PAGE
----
Thursday, December 9

Classroom air quality is ‘incredible blind spot’, says researcher


Air quality experts hope today’s government pandemic school plan will do more to protect students in runaway classrooms.

Examination with student in school uniform doing educational stress test in classroom 16: 9 style

File photo.
Photo: 123RF

They met with officials yesterday to push for air monitoring and, if necessary, classroom air filtering to keep Covid-19 at bay.

The UK is testing high-efficiency (hepa) filters in 30 schools, Victoria started installing 51,000 filters before the schools reopen this week, and the US has started installing 51,000 filters. very detailed advice which also covers early child care centers.

On the contrary, the very limited resources of the Ministry of Education online advice in larger vents when opening windows, do not deploy filters.

The virus can remain suspended in the air for long periods before being inhaled, triggering new infections, especially in crowded and inhabited indoor spaces for prolonged periods, for example, classrooms. The infection of young people has been increasing, here and abroad.

The government is giving details of the schools reopening today.

Julie Bennett, who has defended ventilation against the virus in schools, met yesterday with the Ministries of Education and Health, to expose the measures they can take, starting with put carbon dioxide monitors in rooms.

“I hope that the indoor air quality in schools will be analyzed more closely,” the researcher from the University of Otago said later.

This should involve developing a strategy for dealing with classrooms ranging from small to large and open-plan.

The meeting was a starting point, he said.

“There is a lot to do. We have not invested in our school buildings for a long period of time.”

Studies show a typical classroom only meets Building Code ventilation standards for less than half the school day; not all have openable windows, and where there are, few teachers open them due to noise and wind.

Half of the classrooms in a 2013 Auckland study found “very poor” ventilation measuring carbon dioxide levels.

The Education Ministry says it “recently started talking to the Health Ministry about ventilation options that they believe can better minimize the risk of infection in indoor learning areas.”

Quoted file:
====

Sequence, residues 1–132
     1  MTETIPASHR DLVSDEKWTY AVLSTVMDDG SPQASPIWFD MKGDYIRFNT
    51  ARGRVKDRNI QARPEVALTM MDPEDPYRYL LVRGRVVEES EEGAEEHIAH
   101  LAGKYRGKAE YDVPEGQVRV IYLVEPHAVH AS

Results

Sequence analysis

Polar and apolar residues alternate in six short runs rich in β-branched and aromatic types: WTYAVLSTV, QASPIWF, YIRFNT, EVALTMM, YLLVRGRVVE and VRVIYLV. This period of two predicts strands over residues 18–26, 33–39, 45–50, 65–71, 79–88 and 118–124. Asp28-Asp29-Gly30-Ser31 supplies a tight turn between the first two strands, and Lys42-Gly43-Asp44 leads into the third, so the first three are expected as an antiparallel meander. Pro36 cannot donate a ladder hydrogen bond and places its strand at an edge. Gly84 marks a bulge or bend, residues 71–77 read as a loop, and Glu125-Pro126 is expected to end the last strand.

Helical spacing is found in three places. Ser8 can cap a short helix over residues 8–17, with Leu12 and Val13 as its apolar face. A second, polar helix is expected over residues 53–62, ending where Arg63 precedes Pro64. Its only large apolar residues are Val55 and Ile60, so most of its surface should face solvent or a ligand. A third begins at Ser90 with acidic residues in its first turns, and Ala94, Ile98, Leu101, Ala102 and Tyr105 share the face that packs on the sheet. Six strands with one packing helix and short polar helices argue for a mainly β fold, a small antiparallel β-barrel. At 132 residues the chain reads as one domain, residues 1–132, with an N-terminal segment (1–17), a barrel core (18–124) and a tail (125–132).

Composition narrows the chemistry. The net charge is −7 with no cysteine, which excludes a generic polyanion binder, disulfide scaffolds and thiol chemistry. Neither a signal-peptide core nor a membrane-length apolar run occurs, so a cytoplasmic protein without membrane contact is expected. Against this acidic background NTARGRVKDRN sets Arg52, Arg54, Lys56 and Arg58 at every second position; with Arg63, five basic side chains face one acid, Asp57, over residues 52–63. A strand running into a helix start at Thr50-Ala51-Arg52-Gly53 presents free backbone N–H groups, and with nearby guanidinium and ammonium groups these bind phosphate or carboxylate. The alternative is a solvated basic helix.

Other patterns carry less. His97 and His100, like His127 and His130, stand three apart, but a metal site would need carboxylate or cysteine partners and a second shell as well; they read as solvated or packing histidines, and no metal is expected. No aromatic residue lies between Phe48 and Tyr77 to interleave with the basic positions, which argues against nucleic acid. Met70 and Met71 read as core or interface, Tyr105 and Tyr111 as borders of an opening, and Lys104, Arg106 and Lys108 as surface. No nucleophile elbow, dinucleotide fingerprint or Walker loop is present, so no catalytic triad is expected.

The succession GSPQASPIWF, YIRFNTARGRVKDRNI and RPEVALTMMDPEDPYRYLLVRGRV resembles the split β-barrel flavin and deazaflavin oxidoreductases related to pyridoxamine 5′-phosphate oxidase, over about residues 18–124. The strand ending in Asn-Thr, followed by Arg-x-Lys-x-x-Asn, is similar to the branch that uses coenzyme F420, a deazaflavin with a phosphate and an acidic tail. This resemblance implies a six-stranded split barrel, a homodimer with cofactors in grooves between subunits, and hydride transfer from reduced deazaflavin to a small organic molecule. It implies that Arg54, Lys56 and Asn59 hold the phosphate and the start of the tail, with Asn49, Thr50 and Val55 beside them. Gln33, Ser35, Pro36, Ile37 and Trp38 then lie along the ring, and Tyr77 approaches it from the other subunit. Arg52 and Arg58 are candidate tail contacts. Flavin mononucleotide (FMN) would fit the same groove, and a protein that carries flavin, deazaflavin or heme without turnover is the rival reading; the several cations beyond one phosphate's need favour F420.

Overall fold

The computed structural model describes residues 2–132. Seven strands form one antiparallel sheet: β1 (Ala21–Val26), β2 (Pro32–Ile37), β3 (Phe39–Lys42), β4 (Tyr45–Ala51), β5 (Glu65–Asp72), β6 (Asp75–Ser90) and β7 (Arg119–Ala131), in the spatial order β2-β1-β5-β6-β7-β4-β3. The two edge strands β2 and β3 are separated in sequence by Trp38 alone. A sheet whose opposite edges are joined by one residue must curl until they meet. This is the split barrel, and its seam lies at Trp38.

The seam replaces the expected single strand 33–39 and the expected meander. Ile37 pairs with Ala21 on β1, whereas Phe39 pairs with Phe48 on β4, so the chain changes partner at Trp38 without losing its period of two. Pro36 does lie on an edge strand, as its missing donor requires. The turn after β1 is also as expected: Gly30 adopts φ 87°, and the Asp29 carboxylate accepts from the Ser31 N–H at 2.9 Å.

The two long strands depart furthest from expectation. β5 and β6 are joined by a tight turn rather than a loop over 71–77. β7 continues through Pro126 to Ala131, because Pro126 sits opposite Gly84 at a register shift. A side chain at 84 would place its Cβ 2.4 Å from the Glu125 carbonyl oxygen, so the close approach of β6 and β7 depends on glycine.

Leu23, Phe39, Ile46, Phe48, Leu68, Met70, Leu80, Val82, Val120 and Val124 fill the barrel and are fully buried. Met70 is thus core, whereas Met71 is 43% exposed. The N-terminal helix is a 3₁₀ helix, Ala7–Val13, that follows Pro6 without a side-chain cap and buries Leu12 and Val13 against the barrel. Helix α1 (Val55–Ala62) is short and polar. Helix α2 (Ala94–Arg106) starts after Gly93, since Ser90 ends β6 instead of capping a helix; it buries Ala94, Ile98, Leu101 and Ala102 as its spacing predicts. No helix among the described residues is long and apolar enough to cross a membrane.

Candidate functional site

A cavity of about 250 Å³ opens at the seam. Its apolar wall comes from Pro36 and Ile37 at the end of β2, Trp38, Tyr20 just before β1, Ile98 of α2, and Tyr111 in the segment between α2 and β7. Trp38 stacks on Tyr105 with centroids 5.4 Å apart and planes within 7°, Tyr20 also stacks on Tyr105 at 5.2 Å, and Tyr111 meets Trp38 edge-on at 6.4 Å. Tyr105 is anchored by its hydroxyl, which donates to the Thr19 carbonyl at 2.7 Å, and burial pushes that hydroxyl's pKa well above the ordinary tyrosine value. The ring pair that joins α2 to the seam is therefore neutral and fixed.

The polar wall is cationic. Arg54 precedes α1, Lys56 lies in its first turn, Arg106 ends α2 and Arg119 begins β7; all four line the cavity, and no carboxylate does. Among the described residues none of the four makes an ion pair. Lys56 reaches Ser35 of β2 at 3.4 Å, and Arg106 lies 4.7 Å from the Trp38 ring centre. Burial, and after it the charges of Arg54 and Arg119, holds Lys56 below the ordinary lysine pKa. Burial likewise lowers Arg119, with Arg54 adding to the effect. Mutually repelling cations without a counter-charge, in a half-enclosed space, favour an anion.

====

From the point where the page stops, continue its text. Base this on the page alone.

The international advice was that fresh air was the best option, so schools should keep windows open all day, he said.

The approach may differ from other countries with different climates and school designs, he added.

His statement does not mention air purifiers or monitoring.

The ministry’s 2017 air quality standards apply to new buildings, not existing ones.

The government’s response is too slow for Auckland’s GP Dr Sandhya Ramanathan, a YouTube star of Covid Explainers, including the latest one entitled ‘Is Your School Ready?’

“I think we are way behind the eight ball,” Ramanathan told RNZ.

“We should have been looking around the world and preparing for this inevitable reality.”

Germany started this a year ago.

In February, doctors at Imperial College London warned that there was “an urgent need” for guidelines on the use of ventilation in schools to reduce transmission. Fast forward, and six in 10 UK managers surveyed want more action on ventilation.

Encouraged by her son who returned to class for the Cambridge exams this week, Dr. Ramanathan has met with some other medical professionals to give advice to Auckland school principals on how not to use the air conditioner unless change to fresh air, and don’t. Do not use the air conditioner if it only recirculates the air.

The ministry council lacked details, he said, “because not many people know, for example, the difference between an HVAC system and just a heat pump.”

“We can protect our children. Because we know that children can return to school safely, if the multi-layer approach is used” – masks, vaccination and ventilation – he said.

Monitoring machines can cost more than $ 10,000, although $ 400 monitors were developed locally several years ago.

Regarding hepa filters, a Researcher from New South Wales has estimated a cost of $ 700 per classroom, or $ 50 million in NSW, which has 8 million people.

The United States has developed some purifiers to only $ 200 each.

Germany came to this at a time when the World Health Organization was obsessed with transmitting Covid-19 across the surface.

Professor Lidia Morawska from Queensland University of Technology was highly influential in showing that airborne Covid-19 is the biggest threat.

He said Germany has had carbon dioxide monitors in its classrooms for years, but New Zealand, Australia and most countries remained largely oblivious to ventilation risks for years – an “incredible” blind spot, he said.

“In October or November of last year … the German government presented a very large financial package in terms of improving ventilation in public spaces,” Morawska told RNZ.

“They were prepared for this, so … when the risk of infection was recognized, they knew what to do.”

Others were now trying to catch up, but sometimes hopping onto the purifiers, without first monitoring the air.

“The first thing is to understand what the situation is with the ventilation,” Morawska said, then try to fix a problem by opening the windows, and if that didn’t work, the purifiers could.

But ultimately, the classrooms had to be redesigned to ensure their air was not only safe, but also fresh, regardless of the large initial cost over a decade or two, he said.

“We are working for our future.

“If we don’t start thinking about this now and act now, we will be in the same situation during the next pandemic.”


www.rnz.co.nz

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